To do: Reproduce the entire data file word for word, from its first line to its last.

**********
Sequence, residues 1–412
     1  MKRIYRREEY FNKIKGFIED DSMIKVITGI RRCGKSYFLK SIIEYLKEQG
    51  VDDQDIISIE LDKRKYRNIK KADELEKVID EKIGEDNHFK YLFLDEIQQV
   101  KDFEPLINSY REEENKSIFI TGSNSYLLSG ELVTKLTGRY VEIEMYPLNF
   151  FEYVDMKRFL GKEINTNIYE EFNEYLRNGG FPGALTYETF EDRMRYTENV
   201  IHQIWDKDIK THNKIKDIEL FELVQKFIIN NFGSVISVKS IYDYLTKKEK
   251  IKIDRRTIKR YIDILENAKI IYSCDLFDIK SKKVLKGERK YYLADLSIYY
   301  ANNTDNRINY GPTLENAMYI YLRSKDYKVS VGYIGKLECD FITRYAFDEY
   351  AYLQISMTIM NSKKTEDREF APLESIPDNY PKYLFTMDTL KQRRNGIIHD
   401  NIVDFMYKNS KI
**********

Sequence, residues 1–412
     1  MKRIYRREEY FNKIKGFIED DSMIKVITGI RRCGKSYFLK SIIEYLKEQG
    51  VDDQDIISIE LDKRKYRNIK KADELEKVID EKIGEDNHFK YLFLDEIQQV
   101  KDFEPLINSY REEENKSIFI TGSNSYLLSG ELVTKLTGRY VEIEMYPLNF
   151  FEYVDMKRFL GKEINTNIYE EFNEYLRNGG FPGALTYETF EDRMRYTENV
   201  IHQIWDKDIK THNKIKDIEL FELVQKFIIN NFGSVISVKS IYDYLTKKEK
   251  IKIDRRTIKR YIDILENAKI IYSCDLFDIK SKKVLKGERK YYLADLSIYY
   301  ANNTDNRINY GPTLENAMYI YLRSKDYKVS VGYIGKLECD FITRYAFDEY
   351  AYLQISMTIM NSKKTEDREF APLESIPDNY PKYLFTMDTL KQRRNGIIHD
   401  NIVDFMYKNS KI